On May 5, Eric and Liz will provide an update on key litigation and controversies involving the taxation of newer technologies and the proliferation of cross-over products that integrate with telecommunications services, as well as the taxation of traditional voice, applications and data services. The session will also review legislative initiatives impacting the telecommunications industry. On May 6, Maria will cover the policy considerations for and against gross receipts taxes (such as pyramiding) and current issues and controversies associated with the proper application of those taxes.
View and learn more about past and upcoming events and presentations for the SALT team.

“Business-friendly” Texas has been the leading poacher of California-based companies for over a decade, with relocations from tech-dominated California only accelerating during the pandemic. Oddly enough, at a time when Texas’s highest-profile new neighbors are known for cutting-edge research, the state seeks to narrow the scope of its research and development credit applicable to some internal-use software.

Last fall the Texas Comptroller of Public Accounts adopted amended rules concerning the state’s R&D credit applicable to franchise and sales taxes. These amendments provide detailed guidance regarding how the comptroller seeks to administer the credit in the future.

However, the way in which Texas conforms to the Internal Revenue Code has led the comptroller to misapply the federal regulations to Texas’s R&D credit. This misapplication may create unpleasant surprises for Texas taxpayers, particularly those relocating operations to the Lone Star State.

In this installment of A Pinch of SALT for Tax Notes State, Eversheds Sutherland attorneys Jeff Friedman, Mary Monahan, Dennis Jansen and Mary Kate Nicholson look at Texas’s recently amended rules and their impact.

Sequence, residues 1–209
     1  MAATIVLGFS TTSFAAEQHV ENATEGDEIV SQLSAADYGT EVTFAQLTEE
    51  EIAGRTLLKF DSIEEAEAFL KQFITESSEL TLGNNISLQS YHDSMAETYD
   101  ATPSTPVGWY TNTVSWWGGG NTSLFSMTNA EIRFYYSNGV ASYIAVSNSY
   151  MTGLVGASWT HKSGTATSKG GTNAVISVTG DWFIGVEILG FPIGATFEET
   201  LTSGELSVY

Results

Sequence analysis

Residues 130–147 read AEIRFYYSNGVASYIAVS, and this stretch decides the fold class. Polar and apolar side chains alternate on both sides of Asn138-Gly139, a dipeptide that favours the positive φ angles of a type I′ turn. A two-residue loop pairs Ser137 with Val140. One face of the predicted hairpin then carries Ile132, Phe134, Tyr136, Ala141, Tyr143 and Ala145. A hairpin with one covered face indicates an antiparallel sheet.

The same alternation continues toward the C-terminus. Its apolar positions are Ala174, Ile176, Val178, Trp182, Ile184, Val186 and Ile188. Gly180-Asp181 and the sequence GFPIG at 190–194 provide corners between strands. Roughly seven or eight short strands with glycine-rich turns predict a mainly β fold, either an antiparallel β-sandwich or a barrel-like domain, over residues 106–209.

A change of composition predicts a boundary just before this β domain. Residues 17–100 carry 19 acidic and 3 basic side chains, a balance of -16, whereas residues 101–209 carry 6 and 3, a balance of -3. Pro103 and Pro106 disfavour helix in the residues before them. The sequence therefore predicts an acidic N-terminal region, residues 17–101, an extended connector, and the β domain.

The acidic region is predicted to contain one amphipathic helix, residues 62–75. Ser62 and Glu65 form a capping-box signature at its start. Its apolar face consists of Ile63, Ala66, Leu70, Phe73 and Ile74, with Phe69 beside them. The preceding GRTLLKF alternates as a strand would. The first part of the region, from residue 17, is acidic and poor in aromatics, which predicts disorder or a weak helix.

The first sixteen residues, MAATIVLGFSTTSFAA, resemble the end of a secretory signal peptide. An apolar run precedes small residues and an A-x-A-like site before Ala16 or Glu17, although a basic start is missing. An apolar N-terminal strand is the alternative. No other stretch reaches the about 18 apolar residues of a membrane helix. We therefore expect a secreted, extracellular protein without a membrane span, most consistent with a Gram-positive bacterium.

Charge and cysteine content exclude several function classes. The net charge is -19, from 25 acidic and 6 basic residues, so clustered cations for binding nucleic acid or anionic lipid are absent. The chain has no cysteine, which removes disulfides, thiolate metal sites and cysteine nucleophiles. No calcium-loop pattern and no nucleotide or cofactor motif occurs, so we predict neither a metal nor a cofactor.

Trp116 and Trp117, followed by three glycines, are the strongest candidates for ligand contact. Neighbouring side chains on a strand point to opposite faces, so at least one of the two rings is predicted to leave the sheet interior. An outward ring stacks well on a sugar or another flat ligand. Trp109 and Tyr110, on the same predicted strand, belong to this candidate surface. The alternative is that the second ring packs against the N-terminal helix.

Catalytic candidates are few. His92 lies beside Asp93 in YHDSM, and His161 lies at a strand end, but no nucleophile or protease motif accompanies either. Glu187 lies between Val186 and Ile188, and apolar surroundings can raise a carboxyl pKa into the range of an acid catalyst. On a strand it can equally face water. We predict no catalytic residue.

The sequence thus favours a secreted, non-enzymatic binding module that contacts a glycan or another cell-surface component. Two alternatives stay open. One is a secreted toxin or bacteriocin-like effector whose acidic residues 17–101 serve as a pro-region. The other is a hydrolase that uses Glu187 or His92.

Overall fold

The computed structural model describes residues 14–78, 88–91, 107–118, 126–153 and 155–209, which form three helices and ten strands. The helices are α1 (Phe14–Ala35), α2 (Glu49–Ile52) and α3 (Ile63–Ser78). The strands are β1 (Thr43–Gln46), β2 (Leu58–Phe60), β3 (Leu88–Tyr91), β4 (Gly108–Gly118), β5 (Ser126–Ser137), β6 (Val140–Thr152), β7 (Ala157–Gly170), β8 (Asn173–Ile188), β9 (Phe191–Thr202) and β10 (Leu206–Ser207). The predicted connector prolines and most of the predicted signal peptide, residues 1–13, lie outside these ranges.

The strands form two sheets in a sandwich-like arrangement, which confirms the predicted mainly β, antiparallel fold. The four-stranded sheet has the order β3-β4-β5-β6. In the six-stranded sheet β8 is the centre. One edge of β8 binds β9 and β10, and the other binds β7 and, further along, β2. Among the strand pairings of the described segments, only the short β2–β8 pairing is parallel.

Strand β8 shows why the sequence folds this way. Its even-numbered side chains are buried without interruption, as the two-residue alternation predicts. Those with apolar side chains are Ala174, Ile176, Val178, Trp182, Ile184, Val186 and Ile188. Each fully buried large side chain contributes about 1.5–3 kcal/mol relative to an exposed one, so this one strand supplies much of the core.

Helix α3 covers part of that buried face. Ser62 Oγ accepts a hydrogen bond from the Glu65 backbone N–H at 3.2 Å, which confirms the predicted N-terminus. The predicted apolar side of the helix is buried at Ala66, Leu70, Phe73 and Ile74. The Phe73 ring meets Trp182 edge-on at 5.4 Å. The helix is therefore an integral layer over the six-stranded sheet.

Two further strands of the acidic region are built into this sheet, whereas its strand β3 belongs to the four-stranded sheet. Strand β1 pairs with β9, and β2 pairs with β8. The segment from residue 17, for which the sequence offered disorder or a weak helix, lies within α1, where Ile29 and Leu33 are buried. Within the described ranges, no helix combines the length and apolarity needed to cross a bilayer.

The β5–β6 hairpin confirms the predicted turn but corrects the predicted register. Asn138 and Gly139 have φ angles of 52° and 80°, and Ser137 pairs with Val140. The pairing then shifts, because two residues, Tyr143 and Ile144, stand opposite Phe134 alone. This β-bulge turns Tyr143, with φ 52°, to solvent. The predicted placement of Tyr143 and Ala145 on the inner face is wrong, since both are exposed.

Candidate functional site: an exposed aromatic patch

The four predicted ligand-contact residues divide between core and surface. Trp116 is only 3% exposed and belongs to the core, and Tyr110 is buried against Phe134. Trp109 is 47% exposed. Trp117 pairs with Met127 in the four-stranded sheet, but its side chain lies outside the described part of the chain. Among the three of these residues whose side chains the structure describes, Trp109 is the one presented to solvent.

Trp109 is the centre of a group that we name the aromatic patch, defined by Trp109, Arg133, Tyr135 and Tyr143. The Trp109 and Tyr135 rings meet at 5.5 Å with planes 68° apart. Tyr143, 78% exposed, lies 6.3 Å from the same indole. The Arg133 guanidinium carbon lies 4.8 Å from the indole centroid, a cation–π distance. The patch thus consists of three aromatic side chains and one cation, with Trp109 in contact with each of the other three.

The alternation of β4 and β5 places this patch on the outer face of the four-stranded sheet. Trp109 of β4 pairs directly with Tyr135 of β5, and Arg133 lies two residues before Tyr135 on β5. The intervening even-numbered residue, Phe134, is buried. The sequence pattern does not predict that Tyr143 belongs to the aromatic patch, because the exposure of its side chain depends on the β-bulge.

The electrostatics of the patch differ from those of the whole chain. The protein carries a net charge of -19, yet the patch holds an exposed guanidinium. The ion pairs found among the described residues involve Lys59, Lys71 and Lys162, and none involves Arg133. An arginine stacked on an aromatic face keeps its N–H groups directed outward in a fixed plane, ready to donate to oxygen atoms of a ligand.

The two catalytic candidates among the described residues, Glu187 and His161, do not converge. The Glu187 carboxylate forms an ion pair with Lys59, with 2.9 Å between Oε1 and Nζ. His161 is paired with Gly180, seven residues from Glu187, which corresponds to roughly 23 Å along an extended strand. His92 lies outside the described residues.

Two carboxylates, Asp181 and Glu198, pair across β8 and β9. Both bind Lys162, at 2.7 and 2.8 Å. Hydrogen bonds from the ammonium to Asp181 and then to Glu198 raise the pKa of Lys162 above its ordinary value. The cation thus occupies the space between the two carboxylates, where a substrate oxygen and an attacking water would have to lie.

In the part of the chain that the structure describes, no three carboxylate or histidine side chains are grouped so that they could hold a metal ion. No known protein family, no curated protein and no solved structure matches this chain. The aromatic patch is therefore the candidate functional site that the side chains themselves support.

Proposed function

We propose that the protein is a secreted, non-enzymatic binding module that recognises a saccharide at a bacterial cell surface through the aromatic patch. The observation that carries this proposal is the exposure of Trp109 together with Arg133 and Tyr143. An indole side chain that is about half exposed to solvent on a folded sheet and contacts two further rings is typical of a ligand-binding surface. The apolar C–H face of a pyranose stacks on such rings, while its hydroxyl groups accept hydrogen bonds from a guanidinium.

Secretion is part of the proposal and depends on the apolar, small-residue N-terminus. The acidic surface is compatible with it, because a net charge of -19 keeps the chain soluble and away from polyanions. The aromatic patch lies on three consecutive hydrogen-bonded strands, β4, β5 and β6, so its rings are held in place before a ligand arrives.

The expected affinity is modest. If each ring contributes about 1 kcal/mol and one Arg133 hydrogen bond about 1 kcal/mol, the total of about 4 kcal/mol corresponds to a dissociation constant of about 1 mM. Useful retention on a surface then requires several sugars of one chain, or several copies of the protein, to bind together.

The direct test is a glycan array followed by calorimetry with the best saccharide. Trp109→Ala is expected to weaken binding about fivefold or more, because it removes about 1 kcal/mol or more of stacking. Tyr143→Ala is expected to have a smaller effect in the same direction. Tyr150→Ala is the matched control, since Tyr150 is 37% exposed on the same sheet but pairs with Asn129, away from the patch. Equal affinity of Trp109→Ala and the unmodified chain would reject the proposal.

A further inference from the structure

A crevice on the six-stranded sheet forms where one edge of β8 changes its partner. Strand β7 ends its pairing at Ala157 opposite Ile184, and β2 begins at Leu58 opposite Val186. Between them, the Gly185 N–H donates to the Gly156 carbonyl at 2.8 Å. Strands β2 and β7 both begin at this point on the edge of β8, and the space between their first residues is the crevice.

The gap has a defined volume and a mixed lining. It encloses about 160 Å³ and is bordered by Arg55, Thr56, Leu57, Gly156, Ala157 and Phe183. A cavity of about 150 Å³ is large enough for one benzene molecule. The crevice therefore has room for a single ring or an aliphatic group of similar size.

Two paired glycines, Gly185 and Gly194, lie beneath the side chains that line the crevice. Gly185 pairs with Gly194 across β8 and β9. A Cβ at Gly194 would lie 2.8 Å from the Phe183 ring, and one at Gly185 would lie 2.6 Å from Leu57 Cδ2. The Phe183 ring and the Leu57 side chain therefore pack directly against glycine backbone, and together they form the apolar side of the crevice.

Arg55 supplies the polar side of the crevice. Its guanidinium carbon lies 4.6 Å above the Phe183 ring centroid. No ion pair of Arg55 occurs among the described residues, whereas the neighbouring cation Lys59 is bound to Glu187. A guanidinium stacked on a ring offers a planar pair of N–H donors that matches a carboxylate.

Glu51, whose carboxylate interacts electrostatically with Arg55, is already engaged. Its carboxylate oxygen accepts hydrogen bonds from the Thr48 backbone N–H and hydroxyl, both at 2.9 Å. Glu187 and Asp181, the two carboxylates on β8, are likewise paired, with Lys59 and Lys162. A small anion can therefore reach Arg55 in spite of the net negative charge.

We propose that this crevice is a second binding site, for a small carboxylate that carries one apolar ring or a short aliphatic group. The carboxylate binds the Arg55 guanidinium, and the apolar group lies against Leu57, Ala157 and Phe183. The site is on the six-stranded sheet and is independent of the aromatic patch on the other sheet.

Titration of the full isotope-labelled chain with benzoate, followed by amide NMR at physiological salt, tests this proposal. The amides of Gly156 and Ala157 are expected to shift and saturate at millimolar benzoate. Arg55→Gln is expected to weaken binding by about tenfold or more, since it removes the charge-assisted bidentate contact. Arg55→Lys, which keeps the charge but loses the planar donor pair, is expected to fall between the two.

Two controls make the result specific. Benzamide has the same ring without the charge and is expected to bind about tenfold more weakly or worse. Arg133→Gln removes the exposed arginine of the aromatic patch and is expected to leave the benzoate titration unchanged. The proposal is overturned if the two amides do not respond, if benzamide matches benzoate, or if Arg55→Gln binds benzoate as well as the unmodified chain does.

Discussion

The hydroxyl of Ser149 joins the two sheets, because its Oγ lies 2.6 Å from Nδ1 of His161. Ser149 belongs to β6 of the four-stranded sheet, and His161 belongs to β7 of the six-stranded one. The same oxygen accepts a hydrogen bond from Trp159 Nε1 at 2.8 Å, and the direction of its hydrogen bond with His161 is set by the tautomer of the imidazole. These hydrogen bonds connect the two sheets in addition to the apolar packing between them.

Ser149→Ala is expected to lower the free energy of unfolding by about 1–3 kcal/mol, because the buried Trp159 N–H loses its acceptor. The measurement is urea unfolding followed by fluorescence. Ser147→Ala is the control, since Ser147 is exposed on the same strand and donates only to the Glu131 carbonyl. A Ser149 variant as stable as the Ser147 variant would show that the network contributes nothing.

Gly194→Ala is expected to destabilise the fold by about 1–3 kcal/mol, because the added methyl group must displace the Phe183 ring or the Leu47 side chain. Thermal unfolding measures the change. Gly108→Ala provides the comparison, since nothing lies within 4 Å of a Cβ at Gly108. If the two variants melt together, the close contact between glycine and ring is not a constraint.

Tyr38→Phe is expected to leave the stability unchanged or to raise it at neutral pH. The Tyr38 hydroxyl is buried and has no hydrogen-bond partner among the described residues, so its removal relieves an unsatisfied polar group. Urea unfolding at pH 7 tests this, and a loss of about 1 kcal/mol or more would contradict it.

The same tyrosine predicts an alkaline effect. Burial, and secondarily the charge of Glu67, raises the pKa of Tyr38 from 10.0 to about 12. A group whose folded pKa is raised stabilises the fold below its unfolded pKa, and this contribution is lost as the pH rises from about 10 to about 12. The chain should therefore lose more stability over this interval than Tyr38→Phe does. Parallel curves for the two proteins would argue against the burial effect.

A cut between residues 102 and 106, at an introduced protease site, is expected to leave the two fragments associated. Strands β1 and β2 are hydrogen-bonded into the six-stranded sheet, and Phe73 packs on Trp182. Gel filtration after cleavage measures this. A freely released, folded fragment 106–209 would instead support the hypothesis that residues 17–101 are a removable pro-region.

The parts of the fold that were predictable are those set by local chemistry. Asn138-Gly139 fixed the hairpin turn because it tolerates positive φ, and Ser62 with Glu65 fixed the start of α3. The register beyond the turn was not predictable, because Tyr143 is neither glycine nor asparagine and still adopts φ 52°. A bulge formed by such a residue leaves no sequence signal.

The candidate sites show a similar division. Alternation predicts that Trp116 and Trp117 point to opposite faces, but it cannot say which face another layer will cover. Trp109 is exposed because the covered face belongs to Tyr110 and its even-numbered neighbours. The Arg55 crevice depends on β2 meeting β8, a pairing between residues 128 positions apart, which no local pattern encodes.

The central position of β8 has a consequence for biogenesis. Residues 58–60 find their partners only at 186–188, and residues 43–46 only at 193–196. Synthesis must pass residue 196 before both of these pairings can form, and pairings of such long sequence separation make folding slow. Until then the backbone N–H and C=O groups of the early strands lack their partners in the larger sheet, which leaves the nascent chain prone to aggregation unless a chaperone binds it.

Read the full article here.

The New York State Supreme Court, Appellate Division, affirmed a New York trial court decision denying a taxpayer’s motion to dismiss a False Claims Act suit brought against the taxpayer in relation to its sales of artwork to an alleged art collector under a resale exemption. According to the complaint, an employee of the taxpayer advised an individual purchaser of artwork to submit a resale certificate in order to avoid paying New York sales tax on his purchase of artwork, despite knowing that the purchaser’s occupation was as a shipping executive and that he had no plans to sell the artwork. The taxpayer’s employee allegedly provided the purchaser with the resale certificate and partially completed the certificate on his behalf. Over the course of five years, the purchaser bought artwork totaling $27 million from the taxpayer without paying New York sales tax, based on the resale certificates. The Appellate Division held that the alleged facts, if proven, would demonstrate that the taxpayer had actual knowledge that the purchaser’s purported exempt status was false and the taxpayer therefore violated its obligation to collect sales tax owed on the purchases. The Appellate Division further found that the facts alleged in the complaint permitted the inference that facilitation of knowingly false resale certificates by the taxpayer’s employees fell within the scope of their employment and was committed in furtherance of the taxpayer’s commission-based business. As a result, the Appellate Division, in a unanimous decision, upheld the trial court’s denial of the taxpayer’s motion to dismiss the complaint for failure to state a cause of action.